"Patriotism and Piety": Orthodox Religion and Federalist Political Culture

Doctoral Dissertation
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Abstract

This dissertation argues that orthodox Protestantism played a significant role in the political culture of the northern federalist party during the early American republic. It demonstrates that religion both fueled the intensity of federalist politics in the 1790s and ironically contributed to the party’s decline in the early nineteenth century. The study brings together two sub-fields–the new political history of the early republic and religious history–to produce an interdisciplinary work which advances historical scholarship on a seminal period in American history. Confronted with religious inheritances from New England’s colonial experience and the politicization of religion during the American Revolution, federalists sought to define religion’s place in the republican experiment and apply it for political advantage. The interplay of orthodox religion with federalist politics changed both the party’s political culture and the practice of religion in America. The study employs a biographical approach–using case studies of seven individuals to understand larger themes and trends–as a narrative strategy. It begins with John Jay, whose belief in a providentially-ordered national destiny for America expressed a “Republican” view of religion and politics, an optimistic approach which broke down under the partisan conflicts of the 1790s. The dissertation then traces how other federalists, including Timothy Dwight, Jedidiah Morse, Caleb Strong, and Elias Boudinot, responded to the shifting environment by enlisting the public in support of political and social stability. They opposed “infidelity,” the militant unbelief which they believed was undermining both belief and government. In so doing, they created a “Federalist” expression of religion, in which orthodox religionists rallied to defend what they perceived as their embattled faith and endangered republic. The dissertation concludes with a consideration of John Jay’s two sons, who illustrate the transformation of a religiously-inflected federalism into attitudes which reflected an “Antebellum” view of religion’s place in society: an individualized, issues-oriented religion with a greater stress on morality but less emphasis on politics.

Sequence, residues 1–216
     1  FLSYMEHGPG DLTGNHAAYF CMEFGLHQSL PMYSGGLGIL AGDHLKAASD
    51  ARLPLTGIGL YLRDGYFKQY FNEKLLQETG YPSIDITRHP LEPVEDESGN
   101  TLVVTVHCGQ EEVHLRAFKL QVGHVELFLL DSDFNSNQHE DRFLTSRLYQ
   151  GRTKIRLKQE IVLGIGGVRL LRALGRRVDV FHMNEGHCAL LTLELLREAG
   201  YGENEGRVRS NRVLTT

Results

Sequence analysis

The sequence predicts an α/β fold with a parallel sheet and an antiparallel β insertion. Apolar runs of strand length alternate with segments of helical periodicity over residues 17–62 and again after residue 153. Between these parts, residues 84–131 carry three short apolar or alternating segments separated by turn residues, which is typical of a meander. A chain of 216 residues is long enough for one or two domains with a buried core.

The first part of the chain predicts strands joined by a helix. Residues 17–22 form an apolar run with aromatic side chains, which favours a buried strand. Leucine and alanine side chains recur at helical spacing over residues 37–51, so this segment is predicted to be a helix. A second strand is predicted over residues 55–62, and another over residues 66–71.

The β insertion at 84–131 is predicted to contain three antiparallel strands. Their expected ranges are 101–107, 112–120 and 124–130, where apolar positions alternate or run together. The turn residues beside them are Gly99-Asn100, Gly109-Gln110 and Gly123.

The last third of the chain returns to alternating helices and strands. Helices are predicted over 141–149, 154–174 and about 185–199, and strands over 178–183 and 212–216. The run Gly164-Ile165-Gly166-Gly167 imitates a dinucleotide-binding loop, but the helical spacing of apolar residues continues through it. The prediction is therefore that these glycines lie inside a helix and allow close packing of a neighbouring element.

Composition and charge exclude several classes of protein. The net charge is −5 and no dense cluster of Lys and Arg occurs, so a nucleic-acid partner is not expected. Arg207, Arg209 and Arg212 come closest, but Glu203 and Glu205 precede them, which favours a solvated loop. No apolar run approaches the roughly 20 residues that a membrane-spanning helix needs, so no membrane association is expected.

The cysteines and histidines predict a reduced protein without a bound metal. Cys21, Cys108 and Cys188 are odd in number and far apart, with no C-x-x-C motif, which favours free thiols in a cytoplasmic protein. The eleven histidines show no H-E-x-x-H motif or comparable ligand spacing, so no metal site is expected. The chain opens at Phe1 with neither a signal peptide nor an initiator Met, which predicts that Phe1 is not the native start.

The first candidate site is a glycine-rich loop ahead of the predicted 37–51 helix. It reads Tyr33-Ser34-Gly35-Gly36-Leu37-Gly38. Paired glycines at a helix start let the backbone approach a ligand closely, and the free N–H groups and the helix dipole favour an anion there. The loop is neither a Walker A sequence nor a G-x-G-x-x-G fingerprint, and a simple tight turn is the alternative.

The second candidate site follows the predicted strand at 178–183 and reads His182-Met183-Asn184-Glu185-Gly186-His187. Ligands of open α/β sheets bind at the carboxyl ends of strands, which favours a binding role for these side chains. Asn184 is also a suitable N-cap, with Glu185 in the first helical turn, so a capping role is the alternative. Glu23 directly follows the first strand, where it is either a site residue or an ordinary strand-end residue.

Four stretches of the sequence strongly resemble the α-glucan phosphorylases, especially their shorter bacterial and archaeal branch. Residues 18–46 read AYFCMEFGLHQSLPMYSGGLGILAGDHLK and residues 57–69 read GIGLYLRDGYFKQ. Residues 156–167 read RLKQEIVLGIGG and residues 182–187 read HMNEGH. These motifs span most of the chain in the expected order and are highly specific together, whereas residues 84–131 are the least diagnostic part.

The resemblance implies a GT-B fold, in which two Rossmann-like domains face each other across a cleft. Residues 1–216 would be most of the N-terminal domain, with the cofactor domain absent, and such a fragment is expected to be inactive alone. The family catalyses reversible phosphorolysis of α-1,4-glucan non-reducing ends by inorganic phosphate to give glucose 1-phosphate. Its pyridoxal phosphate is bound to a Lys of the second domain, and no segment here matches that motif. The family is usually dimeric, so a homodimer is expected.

Attributes

Attribute NameValues
URN
  • etd-07042006-163021

Author Jonathan J. Den Hartog
Advisor Dr. George Marsden
Contributor Dr. George Marsden, Committee Chair
Contributor Dr. Daniel Walker Howe, Committee Member
Contributor Dr. Linda Przybyszewski, Committee Member
Contributor Dr. James Turner, Committee Member
Degree Level Doctoral Dissertation
Degree Discipline History
Degree Name PhD
Defense Date
  • 2006-06-06

Submission Date 2006-07-04
Country
  • United States of America

Subject
  • evangelicalism

  • political culture

  • religion

  • federalist party

Publisher
  • University of Notre Dame

Language
  • English

Record Visibility and Access Public
Content License
  • All rights reserved

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